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Ron DeSantis is still running for president

There are three situations in which a poker player might go all in. One is that she has such a good hand that she’s confident no one else can take the pot. A second is when the player wants the others at the table to think she has that good a hand, so she bluffs. And then there’s the third: when she runs out of chips to play.

Maybe Florida Gov. Ron DeSantis’s big push for the Iowa caucuses, reported on Wednesday, is a bluff. Maybe it’s an effort to suggest more strength than is apparent externally. It pretty clearly isn’t because DeSantis has a particularly good hand there — or anywhere else, really. Polling in the state consistently shows him down at least 20 points and not gaining ground.

Or maybe it’s just the only chips he has left.

There have been recent opportunities for DeSantis to reshape the GOP nominating contest. Over the course of the past six weeks, the Republican Party has hosted two prime-time debates, with millions of people tuning in. The day before the first debate, DeSantis had the support of about 15 percent of the likely primary voter pool in FiveThirtyEight’s average of polls. A week after the debate, he sat at … 15 percent.

But then came the second debate, about a month after the first one. On the day of the debate, DeSantis was at 14 percent. A week later, he is still at 14 percent. If math isn’t your thing, allow me to crunch the numbers: DeSantis has lost one percentage point since the day before the first debate.

That didn’t blunt the enthusiasm his team offered for Wednesday’s news. The campaign announced that it had raised $15 million in the third quarter, a “significant fundraising haul” that “shuts down the doubters who counted out Ron DeSantis for far too long,” campaign manager James Uthmeier said in a statement. But only $5 million of that can be used for the primary, which is a significant limitation. Perhaps the doubters still have some cause to raise doubts?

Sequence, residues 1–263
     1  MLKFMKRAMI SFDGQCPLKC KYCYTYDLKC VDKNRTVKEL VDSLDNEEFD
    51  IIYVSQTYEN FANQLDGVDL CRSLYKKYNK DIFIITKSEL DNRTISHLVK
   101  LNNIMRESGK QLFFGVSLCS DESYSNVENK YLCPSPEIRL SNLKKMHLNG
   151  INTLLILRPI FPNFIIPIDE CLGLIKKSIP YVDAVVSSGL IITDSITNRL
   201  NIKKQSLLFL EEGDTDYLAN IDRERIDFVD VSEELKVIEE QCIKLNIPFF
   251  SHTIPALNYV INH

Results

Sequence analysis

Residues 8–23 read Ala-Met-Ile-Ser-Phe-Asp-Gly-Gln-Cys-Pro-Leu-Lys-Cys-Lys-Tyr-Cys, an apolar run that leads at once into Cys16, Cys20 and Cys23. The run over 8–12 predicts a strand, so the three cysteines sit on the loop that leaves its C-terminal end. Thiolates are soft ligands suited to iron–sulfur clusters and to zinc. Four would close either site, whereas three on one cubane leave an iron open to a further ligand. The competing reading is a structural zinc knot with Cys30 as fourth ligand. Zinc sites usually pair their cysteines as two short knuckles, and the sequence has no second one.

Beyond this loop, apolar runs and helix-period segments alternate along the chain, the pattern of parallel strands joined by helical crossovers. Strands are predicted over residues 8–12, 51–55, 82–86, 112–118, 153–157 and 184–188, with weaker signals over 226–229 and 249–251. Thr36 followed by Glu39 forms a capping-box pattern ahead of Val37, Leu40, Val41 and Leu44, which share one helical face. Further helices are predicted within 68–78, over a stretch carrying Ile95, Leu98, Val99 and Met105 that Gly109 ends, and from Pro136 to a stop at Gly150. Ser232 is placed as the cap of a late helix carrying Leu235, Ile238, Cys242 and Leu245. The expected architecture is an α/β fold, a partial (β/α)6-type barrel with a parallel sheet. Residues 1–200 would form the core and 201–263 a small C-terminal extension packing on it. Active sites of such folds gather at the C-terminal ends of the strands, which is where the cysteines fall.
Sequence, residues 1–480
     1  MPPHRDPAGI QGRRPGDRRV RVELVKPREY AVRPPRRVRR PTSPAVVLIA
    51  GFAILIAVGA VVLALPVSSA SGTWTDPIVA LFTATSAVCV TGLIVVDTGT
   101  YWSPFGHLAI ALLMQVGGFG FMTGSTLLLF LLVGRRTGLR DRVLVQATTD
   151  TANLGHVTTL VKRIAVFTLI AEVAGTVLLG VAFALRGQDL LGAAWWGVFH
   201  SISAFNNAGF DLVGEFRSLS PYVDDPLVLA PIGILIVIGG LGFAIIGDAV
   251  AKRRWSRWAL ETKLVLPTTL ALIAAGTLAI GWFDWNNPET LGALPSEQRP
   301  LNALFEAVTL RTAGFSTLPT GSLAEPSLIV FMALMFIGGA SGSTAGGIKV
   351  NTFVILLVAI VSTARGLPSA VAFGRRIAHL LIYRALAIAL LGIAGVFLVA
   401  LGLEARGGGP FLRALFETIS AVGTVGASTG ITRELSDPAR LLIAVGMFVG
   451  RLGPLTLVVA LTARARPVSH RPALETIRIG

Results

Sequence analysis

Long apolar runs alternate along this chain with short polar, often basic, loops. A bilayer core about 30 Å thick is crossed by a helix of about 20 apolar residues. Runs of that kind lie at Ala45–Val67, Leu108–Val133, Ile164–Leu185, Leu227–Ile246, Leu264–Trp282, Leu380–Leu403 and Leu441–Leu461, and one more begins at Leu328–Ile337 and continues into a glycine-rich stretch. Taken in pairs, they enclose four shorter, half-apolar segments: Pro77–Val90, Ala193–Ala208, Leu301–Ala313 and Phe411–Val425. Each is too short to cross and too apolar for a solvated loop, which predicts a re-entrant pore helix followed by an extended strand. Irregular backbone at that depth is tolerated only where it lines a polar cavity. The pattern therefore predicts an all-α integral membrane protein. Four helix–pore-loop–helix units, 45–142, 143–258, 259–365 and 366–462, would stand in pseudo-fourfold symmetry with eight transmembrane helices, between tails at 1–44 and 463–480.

The outside PAC that’s aiding DeSantis — more than such PACs normally do, in fact — collected as much as $20 million in additional fundraising, according to reporting from the Dispatch. Maybe it’s lowballing those estimates to overperform once the numbers are reported publicly, but the Dispatch also had DeSantis’s team coming in right at $15 million.

Perhaps you remember, though, that PAC’s exhortations right before the first debate. It needed $50 million before the end of September, potential donors were told, according to the New York Times, with DeSantis needing to beat Trump in “the next 60 days” while distancing himself from rivals immediately. If I might again serve as your personal calculator: $20 million is substantially less than $50 million.

I will also note that DeSantis has not obviously “beaten” Trump, though it’s not really clear what that meant. (This hasn’t stopped the Trump campaign from giddily emailing reporters with its “Kiss of Death Countdown,” running out the clock until 60 days pass.) It is clear, though, that DeSantis has very much not separated from the rest of the field. In mid-August, he was leading business executive Vivek Ramaswamy by seven points. Now, he leads former ambassador to the United Nations Nikki Haley by six points.

Haley was the only candidate to gain much ground after the first debate, though not enough to move into second place. She has ticked up more since the second one, too. A poll conducted by Suffolk University for the Boston Globe and USA Today put her in second place in New Hampshire for the first time, usurping the position held in most polls by a certain Florida governor. She’s not threatening Trump to any significant degree, but she’s also not getting kiss-of-death countdowns. Trump, meanwhile, is calling for his party to just skip the debates and admit he’s going to be the nominee.

So DeSantis is pushing his chips to Iowa. Several of his staffers in Tallahassee will be relocated to the state as the governor aims for an early upset that — maybe? finally? — could shake up the race. Maybe, DeSantis hopes, he can repeat the successes notched by past Iowa caucus winners, including Ted Cruz in 2016, Rick Santorum in 2012 and Mike Huckabee in 2008. At the very least, the Times wrote, he hopes to perhaps show that Trump is beatable, useful given that DeSantis’s long-standing “Trump is an electoral loser” pitch has been hard to defend when the former president is up by 30 points in the polls.

There is, of course, another thing that losing poker players can do, rather than go all in. They can fold and cash out what they have left.

This post appeared first on The Washington Post

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